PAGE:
# Photons inside a box

One of my friends told me that the definition of mass is the amount of matter. I told him that mass is not the amount of matter, because when we heat an object, the mass of the object increases.

I gave an example: Photons moving around inside a closed massless box having walls of perfectly reflecting mirrors gives mass to the box, because the definition of mass is $\sqrt{E^2-p^2}$ .

Inside the box, when we consider the photons as a whole they don't have momentum, thus mass becomes $m=E$ when $c=1$.

But I'm really confused what happens when the box starts moving, because in that case the momentum as a whole of the photons is not zero? What will be the mass of the box then?

• Think about it in terms of momentum of the photons. What happens to their momentum when the box starts moving? – CuriousOne Sep 26 '14 at 4:59
• If there are many photons inside the box then momentum on the average of all the photons is zero , just like the average velocity of the molecules in a container is zero in kinetic theory of gases? but what happen when there is only one photon inside the box? – Paul Sep 26 '14 at 9:36
• What would happen if it wasn't a single photon but a (perfect) tennis ball? What makes you think that a single photon would behave qualitatively differently from the scenario of a perfect ball? – CuriousOne Sep 27 '14 at 1:05

Don't worry too much about the word "matter": the modern view afforded by GTR, quantum field theory and much more means that the word "matter" has become very vague. If you look up the "matter" Wikipedia page, this seems to agree that the word "matter" is very vague now indeed, so as a useful concept in physics, the word seems clearly to have passed its use-by date. I actually got to the age of 45 before one day I realised ashamedly that I couldn't define the word "matter" anymore, a situation I thought was disgraceful for a physicist, but a quick sweep of the web shows that there was good reason for my plight.

Your reasoning is quite correct and you are definitely on the right track. The rest mass of the sealed, reflecting box most definitely increases, by dint of the equation $E^2 = p^2 c^2 + m_0^2 c^4$ you cite. You simply need to think in a bit more detail about what happens when you shove the box: for simplicity, simply assume a one-dimensional cavity with motion only along the cavity's optical axis. The mirror at one end will begin to blue shift the light whose motion is in the opposite direction to the motion and at the other end there will be a red shift back. Whether you analyse this situation classically (messy and hard) or as photons (easy) as done in my answer here, you get the same answer: there is a difference between the impulses imparted to the mirrors at either end by dint of the different light wavelengths, and when you do the calculation it shows that you need to impart an impulse $E \Delta\,v/c^2$ (owing to the presence of the light with energy $E$ alone) to the box to change its speed by $\Delta\,v$. A slightly different method of getting to this conclusion is method 2 in my answer here. Either way, one can see that a great deal of the "rest mass" in the World indeed arises from the confinement of massless objects, as discussed further in my answer here and here.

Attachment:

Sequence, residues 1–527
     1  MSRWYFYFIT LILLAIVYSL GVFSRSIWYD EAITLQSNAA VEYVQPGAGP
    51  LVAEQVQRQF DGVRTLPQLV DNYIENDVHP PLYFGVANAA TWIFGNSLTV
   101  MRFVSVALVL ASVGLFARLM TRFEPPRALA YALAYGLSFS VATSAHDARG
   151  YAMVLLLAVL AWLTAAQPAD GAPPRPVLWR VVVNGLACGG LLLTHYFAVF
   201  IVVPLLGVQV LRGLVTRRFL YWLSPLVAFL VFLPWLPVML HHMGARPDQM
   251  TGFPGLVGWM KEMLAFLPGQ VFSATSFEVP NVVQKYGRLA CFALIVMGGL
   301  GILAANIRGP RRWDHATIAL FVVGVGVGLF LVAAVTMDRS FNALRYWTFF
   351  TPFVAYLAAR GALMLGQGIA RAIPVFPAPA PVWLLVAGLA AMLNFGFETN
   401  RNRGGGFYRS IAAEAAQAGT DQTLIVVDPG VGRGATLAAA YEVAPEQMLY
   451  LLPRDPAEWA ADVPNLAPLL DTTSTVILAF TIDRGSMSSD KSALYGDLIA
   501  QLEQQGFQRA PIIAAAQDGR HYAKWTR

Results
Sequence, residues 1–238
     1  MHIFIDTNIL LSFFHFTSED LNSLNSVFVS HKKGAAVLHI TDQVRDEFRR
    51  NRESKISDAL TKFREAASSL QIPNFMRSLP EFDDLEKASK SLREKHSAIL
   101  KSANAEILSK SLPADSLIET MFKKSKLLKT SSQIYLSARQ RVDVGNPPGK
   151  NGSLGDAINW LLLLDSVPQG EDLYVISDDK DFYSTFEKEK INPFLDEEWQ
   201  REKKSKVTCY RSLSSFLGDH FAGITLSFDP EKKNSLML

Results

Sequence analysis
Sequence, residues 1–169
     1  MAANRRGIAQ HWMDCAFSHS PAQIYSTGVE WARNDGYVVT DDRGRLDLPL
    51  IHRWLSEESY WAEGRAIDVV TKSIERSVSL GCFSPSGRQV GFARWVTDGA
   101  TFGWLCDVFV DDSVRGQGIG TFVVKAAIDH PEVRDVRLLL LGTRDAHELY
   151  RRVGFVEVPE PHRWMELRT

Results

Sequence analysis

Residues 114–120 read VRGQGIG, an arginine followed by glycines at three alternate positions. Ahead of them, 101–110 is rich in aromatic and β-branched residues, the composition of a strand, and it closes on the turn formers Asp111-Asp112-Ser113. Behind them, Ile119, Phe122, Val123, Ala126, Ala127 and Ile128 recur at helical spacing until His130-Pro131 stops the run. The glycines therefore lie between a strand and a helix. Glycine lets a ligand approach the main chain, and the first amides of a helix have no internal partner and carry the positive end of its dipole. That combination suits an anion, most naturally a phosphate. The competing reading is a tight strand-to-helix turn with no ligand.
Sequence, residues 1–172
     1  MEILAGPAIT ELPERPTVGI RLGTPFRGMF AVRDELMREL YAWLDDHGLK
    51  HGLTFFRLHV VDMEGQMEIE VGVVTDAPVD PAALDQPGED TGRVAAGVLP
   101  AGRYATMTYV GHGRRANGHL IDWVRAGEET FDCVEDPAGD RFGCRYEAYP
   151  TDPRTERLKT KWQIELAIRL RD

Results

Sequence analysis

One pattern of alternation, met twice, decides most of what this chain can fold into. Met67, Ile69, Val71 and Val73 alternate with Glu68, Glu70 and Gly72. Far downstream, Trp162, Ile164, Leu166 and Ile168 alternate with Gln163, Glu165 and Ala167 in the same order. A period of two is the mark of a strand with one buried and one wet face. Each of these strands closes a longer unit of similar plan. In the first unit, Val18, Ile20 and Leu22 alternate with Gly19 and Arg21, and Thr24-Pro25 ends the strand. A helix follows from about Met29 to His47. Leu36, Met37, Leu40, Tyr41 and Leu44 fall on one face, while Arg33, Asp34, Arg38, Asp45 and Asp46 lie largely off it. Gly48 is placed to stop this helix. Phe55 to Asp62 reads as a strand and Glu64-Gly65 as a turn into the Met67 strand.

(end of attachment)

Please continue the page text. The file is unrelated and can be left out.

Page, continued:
• Hi,this is really offtopic,but I need a help as you are a physicist,which will be the best programming language for physics?(c,c++,or fortran?) – Paul Mar 13 '15 at 15:01
• @Paul Depending on your field I'd also definitely look into some of the packages available for Mathematica and Maple - if there isn't one, maybe think about writing your own. These environments have extremely wide and powerful algorithm support and for packages - see for example the differential geometry package Atlas for both Mathematica and Maple. digi-area.com/Mathematica/atlas Of the languages you suggest, definitely either c++ or fortran - the later versions after 2000 of fortran. c - no way. I use mainly c++ but I also use C Sharp and Java for interfaces to GUI ... – Selene Routley Mar 13 '15 at 22:09
• @Paul ... I have also been looking fairly heavily lately into Haskell. Many algorithms are fairly trivial in their overall architecture (that doesn't make them easy to build and debug BTW) - what I mean here is that their control flow is a simple loop and so forth and you can kind of kid yourself that you don't need "more modern" paradigms like OO, but my experience is that my numerical programming went to a new level when I did learn some of these paradigms: they help manage complexity and you can spend more time thinking about your application rather than how to code it. – Selene Routley Mar 13 '15 at 22:13
• @Paul I should also add both C++ and modern Fortran have excellent support for multithreading and multiprocessor code, which is becoming important even on a desktop if you want to take advantage of parallel processing. Both have thread and support classes (mutex, semaphore and all the rest of it in C++, for example) but also their compilers both have automatic compilation of single threaded code into parallel tasks. Visual C++ does this from version 11 onwards. They don't fully substitute for manually multithreading something, but they work admirably nonetheless. – Selene Routley Mar 13 '15 at 23:08